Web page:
It’s not forever but we’ve sure poured a lot of love into this house and been vey happy here. In a few years, it will be time for another family to fall in love with it and make it theirs.

  12. Such a great post! I like my house and I feel intensely grateful for the roof over my family’s head, but I do wish we could move. We settled here to be close to my best friend, but she passed away in 2003, so I don’t really know why we’re here anymore.

    My son loves his school, but there are good schools everywhere. My husband works from home most days, but when he does have to go to the office, the commute is a killer – over an hour each way in unforgiving traffic. And our families are far away. We are so far south that no one ever comes over. Holiday gatherings are difficult and I love to entertain, so that depresses me.

    We have no privacy either. The neighbors can see right in. The curtains on our five south side windows have been drawn since we put them up 16 years ago.

    We are lucky to have a house. We really are. I know this without a doubt, but my dream home is still out there somewhere. Unfortunately, we don’t have the financial resources to find it…or even to address repairs and updates needed in our current home.

    In the back of my mind, I feel all the time like I am waiting for something to happen. How do you get over that feeling? How do you push yourself from waiting to doing and making things happen on your own?

    • Hey Becky!

      I just absolutely love your last question. For me, when I feel like I can’t stand a given situation any longer, I PUSH myself to try and change it. But that requires changing my ways in order to get different results. It’s hard… and takes energy and focus, and a ton of effort. I think that’s why many of us prefer to wait… waiting is much more effortless.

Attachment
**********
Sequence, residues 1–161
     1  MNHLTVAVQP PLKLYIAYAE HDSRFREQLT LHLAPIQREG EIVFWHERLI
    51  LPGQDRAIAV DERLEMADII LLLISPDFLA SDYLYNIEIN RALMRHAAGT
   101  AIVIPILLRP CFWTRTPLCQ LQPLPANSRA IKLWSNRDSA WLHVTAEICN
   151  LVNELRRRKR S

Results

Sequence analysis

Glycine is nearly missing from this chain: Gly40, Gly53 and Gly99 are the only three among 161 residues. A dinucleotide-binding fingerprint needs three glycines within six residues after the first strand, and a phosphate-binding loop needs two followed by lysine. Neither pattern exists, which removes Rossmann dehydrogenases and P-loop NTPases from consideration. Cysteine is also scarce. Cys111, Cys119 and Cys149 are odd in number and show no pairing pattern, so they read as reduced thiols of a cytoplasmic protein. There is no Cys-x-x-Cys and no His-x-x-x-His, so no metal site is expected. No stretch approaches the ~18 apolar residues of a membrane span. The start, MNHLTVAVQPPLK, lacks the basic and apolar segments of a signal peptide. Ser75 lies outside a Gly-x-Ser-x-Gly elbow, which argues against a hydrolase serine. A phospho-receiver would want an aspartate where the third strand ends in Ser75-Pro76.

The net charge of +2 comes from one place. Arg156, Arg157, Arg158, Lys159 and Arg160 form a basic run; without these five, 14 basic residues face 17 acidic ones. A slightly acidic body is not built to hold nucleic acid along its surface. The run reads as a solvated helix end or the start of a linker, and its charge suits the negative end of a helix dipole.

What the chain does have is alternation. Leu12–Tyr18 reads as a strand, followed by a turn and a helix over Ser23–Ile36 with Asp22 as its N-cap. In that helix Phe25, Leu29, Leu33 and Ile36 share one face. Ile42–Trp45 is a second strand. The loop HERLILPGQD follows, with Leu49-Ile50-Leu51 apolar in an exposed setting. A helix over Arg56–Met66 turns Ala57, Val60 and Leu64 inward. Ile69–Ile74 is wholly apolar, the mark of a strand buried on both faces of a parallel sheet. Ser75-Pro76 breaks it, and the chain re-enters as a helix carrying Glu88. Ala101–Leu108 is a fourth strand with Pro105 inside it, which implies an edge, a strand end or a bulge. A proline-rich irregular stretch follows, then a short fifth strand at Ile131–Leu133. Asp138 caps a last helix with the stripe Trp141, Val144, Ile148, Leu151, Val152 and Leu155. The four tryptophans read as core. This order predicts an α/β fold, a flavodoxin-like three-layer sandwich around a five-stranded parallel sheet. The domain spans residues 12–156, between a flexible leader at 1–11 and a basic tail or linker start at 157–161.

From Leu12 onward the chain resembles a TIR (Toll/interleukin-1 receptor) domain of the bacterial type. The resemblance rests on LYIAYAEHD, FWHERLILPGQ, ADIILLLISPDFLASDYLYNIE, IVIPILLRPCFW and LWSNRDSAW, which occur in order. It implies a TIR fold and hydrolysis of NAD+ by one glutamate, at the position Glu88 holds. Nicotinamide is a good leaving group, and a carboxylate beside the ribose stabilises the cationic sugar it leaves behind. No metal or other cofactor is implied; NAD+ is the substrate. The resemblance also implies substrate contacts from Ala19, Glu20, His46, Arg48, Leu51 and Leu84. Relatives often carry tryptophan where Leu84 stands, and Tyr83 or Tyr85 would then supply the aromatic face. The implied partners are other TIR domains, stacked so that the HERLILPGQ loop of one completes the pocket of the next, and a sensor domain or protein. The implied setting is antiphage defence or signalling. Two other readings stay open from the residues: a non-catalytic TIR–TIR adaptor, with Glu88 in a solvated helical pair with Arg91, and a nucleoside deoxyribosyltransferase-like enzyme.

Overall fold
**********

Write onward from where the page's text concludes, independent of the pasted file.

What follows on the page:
While I think it’s healthy to set goals and have dreams, I also feel it’s important to seize the day, and enjoy your ‘present’. But if you aren’t, imo something is hugely amiss and needs addressing. It’s when we don’t listen to that call, we are miserable.

      Being grateful for what we have is a must, which you already have nailed. But perhaps it’s time to take a Sunday drive just to check things out… the drive is free. But it could be a starting point, opening up many new doors for all of you. I landed my first dream farm via a Sunday drive with NO intentions to sell…

  13. when it’s right you’ll know!

    We moved into our country home 2yrs ago. We were not looking to move at the time.

    Our home is perfect for now and we do several things that have been mentioned. The farmer beside us uses 3 1/2 acres for cows(I love them). This cuts down my mow time to 3hrs.

    I doubt it will be our forever home. I can see us heading back to the west coast down the road. I don’t think I’ve ever thought of having a home forever.

    You have a good idea with a vacation property. We have a cabin getaway and we love it.

    Exciting time for you, enjoy

  14. My husband found his forever home a few months ago. It’s on the lake and it includes a covered dock just a short walk from the deck off the back of the house. There’s just one problem. It’s $150,000 more than our budget will stretch. I keep telling him we need to go look at it just to either confirm it’s what he thinks it is or confirm that it isn’t. And if it is, maybe we could sit down and figure out a way to get there… and if it isn’t, then it would no longer interfere with his ability to move on and find something that is!